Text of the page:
I believe in a simple and unembellished logo because when others see it, they want to become a part of the community that owns a Lululemon product.

If you remove the logos and compare it to a similar product, no one will care, but when you re-add it, everyone wants Lulu. Because, after all, they only want the U.”

Lindsey Wolf - Featured
Lindsey Wolf

2.3. Memorable

This is about how well you can remember a logo, echoing the simplicity and further adding to the value that a brand creates. Carefully chosen fonts, colours and pictures need to represent the sentiment of a brand and arouse the same in the customers. 

Avoid using colour palettes that conflict with the brand’s emotions. For a luxury brand, a logo with a typical shade of green would be utterly confusing, if not appalling!

Focus on Strong, Recognizable Symbols

Paul Connolly, the Creative Director at Pivot Strategies, explains the key elements that Make a logo memorable:

“A simple mark is a must-have. A strong, recognizable symbol, even at the smallest sizes, should be the focus of a memorable logo. Then, building off your mark to create a responsive brand system will ensure your logo looks good at any size.

Many logo designers start by zeroing in on a mark and creating a brand noun list with the client. Refining that list of nouns down to a shortlist will give you a common foundation to start ideas.

Once a mark is coming into focus, fonts can be paired or customized to fit the overall aesthetic of each option. Look for ways to tie the shapes of the characters to what you have established in other elements of your logo.

Lastly, I like to start in black and white to ensure the client is focused on the design elements of the logo, then bring in color options. If it doesn’t work in black and white, color won’t save it.”

Paul Connolly - Featured
Paul Connolly

2.3. Original

The only time you should look up logos of other brands is when you need to avoid them, for real! Inspirations are great, but that could also mean conformity, a sure way for bad juju spells for a brand’s identity.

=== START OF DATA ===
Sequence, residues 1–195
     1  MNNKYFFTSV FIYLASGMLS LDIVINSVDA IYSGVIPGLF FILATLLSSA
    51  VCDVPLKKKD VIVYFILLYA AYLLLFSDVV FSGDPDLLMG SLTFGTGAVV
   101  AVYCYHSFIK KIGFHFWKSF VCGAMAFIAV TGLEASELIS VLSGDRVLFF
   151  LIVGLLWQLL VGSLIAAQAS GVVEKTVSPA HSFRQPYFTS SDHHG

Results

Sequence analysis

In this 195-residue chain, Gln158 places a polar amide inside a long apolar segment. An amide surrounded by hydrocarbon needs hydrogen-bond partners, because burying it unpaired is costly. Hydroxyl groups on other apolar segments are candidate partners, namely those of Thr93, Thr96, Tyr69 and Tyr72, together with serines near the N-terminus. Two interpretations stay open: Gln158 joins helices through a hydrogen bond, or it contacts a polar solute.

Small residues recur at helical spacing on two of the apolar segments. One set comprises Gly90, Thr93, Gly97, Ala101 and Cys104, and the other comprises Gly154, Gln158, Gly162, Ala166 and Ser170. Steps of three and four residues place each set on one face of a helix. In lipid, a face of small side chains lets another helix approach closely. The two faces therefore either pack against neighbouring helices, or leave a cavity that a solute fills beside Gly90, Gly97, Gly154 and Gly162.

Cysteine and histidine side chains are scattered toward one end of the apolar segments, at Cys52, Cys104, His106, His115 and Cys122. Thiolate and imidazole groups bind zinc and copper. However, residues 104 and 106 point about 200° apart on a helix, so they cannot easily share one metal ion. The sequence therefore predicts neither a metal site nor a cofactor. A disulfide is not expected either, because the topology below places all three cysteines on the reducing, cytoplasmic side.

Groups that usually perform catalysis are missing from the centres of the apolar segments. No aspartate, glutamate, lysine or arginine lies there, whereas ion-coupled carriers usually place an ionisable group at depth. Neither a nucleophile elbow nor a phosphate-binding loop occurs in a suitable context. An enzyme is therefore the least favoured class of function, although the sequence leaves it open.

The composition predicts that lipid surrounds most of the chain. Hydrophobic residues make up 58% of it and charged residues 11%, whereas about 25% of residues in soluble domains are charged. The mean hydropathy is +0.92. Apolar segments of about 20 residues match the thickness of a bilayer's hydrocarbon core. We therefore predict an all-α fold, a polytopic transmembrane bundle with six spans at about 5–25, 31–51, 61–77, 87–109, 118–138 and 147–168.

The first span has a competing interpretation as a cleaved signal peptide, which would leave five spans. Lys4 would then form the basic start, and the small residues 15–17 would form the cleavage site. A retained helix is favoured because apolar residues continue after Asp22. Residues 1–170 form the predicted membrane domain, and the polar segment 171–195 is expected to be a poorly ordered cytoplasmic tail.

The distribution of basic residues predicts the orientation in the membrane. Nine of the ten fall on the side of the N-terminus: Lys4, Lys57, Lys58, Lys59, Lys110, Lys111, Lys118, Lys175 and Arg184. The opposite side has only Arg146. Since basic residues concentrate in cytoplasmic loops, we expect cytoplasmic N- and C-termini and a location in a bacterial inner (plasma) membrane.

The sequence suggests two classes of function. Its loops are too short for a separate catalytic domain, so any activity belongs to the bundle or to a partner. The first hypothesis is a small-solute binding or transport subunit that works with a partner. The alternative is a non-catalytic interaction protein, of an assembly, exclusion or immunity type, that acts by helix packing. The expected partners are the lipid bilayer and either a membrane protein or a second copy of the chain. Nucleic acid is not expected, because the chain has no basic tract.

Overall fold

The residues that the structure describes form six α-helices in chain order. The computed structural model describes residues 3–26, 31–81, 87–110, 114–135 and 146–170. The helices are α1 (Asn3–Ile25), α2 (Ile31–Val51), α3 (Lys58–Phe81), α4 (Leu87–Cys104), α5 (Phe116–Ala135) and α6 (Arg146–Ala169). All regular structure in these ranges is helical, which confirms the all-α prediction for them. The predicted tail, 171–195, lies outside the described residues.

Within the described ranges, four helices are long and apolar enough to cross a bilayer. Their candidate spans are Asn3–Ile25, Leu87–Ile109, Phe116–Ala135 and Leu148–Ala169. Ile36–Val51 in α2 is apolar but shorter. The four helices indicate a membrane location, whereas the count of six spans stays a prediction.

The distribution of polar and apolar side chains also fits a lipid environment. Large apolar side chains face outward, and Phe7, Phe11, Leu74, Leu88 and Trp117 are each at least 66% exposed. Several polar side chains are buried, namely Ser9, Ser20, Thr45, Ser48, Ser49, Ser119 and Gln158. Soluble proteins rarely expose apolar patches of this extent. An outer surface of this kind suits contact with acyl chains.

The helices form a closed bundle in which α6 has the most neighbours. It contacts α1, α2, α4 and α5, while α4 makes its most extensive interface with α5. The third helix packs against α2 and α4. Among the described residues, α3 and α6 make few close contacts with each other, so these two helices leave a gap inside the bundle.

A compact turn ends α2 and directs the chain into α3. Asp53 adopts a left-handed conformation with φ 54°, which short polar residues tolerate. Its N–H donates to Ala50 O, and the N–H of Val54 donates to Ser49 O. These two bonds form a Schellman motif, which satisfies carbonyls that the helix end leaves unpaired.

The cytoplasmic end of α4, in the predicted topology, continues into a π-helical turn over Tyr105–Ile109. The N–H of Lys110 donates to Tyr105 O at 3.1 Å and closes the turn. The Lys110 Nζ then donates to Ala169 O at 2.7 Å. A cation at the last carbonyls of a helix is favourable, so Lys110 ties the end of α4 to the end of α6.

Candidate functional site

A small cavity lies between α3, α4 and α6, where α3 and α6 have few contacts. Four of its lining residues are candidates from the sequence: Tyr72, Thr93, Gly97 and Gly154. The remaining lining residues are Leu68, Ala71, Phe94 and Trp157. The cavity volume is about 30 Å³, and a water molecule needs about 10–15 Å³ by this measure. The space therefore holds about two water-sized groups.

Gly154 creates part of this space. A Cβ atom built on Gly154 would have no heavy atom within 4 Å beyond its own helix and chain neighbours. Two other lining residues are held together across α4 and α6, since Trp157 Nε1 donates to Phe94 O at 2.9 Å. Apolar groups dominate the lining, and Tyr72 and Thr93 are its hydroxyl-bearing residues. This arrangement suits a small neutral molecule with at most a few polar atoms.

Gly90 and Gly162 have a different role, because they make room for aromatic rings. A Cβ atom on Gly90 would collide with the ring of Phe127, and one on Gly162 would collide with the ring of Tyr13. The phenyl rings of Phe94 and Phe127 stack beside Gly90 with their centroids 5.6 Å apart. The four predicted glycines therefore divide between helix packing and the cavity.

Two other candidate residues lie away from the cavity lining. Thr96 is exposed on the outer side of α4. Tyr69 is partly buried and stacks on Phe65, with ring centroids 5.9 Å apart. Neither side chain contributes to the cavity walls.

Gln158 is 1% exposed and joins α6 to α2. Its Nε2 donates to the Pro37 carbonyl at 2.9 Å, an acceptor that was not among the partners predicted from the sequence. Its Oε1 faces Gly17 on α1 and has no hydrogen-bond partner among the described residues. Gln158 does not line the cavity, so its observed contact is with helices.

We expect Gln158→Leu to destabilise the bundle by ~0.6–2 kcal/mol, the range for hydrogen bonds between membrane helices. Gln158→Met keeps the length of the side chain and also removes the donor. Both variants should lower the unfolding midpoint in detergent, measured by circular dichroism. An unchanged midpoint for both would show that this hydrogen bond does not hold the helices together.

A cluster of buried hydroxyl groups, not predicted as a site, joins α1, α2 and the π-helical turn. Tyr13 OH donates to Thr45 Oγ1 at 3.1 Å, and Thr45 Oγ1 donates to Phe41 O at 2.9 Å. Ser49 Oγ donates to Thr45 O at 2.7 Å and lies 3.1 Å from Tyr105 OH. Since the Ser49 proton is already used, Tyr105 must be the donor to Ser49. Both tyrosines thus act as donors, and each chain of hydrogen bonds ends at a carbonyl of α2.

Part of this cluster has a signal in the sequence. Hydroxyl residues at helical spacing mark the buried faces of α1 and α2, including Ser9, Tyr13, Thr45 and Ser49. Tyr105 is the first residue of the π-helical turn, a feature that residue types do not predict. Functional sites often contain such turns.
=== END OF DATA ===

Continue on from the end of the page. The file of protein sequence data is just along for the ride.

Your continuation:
Your brand’s logo should be relevant by being true to the products and services the brand offers and by considering the authentic experience you want for your target audience. Creating an original logo essentially means that you have collected enough information about the brand image and can enter the idea digitally into vector software.

2.4. Original Logos Build Trust and Recognition

Tom Molnar, the Creative Director at Fit Design, explains how originality in logo design contributes to the authenticity and identity of a brand:

“I believe that an original and innovative logo can help a brand stand out from its rivals and build trust with customers.

If the logo is authentic and creative, a brand can communicate its values, personality, and mission to its target audience, which eventually helps to build brand recognition and loyalty.

Originality in logo design plays a significant role, in my opinion, in establishing a brand’s identity and creating a lasting impression in the minds of consumers because you want to set your brand apart from the competition and show that your brand is unique and has something special to offer.”

Tom Molnar - Featured
Tom Molnar

2.5. Timeless yet modern

Good illustrations should act like a time machine, relevant at any time and to any generation. Some famous brands that have survived the millennia have changed their logo drastically, but their brand is still recognizable through the iterations. 

What Makes a Good Logo?
Pexels by Antony Trivet

Avoid jumping onto the trend bandwagon and create on a whim. Timelessness is a quality that develops from a clear vision of the offerings of a brand and its admirers. It is a perfect way to create further value and brand identity through many decades.

Strategically Evolve Brand Identity

Magee Clegg, the CEO of Cleartail Marketing, shares their perspective on the balance between maintaining long-term relevance and incorporating modern design elements to keep a logo fresh:

“As the founder and CEO of Cleartail Marketing, I’ve navigated the fine line between preserving a brand’s long-term relevance and integrating contemporary design elements to keep logos and branding feeling modern and engaging.